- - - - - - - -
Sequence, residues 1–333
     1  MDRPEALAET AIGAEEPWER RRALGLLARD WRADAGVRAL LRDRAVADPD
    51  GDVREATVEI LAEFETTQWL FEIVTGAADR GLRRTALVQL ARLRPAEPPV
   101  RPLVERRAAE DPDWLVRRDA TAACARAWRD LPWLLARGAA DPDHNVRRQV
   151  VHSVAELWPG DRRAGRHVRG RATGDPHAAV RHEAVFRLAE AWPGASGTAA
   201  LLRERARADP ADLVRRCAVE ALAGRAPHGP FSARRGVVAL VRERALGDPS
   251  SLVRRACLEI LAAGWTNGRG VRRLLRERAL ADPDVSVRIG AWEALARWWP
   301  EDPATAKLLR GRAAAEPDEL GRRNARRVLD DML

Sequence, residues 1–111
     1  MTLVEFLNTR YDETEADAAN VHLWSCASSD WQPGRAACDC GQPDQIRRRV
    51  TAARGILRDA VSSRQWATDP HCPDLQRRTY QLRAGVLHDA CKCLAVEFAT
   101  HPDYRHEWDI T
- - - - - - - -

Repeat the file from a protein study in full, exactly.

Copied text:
Sequence, residues 1–333
     1  MDRPEALAET AIGAEEPWER RRALGLLARD WRADAGVRAL LRDRAVADPD
    51  GDVREATVEI LAEFETTQWL FEIVTGAADR GLRRTALVQL ARLRPAEPPV
   101  RPLVERRAAE DPDWLVRRDA TAACARAWRD LPWLLARGAA DPDHNVRRQV
   151  VHSVAELWPG DRRAGRHVRG RATGDPHAAV RHEAVFRLAE AWPGASGTAA
   201  LLRERARADP ADLVRRCAVE ALAGRAPHGP FSARRGVVAL VRERALGDPS
   251  SLVRRACLEI LAAGWTNGRG VRRLLRERAL ADPDVSVRIG AWEALARWWP
   301  EDPATAKLLR GRAAAEPDEL GRRNARRVLD DML

Sequence, residues 1–111
     1  MTLVEFLNTR YDETEADAAN VHLWSCASSD WQPGRAACDC GQPDQIRRRV
    51  TAARGILRDA VSSRQWATDP HCPDLQRRTY QLRAGVLHDA CKCLAVEFAT
   101  HPDYRHEWDI T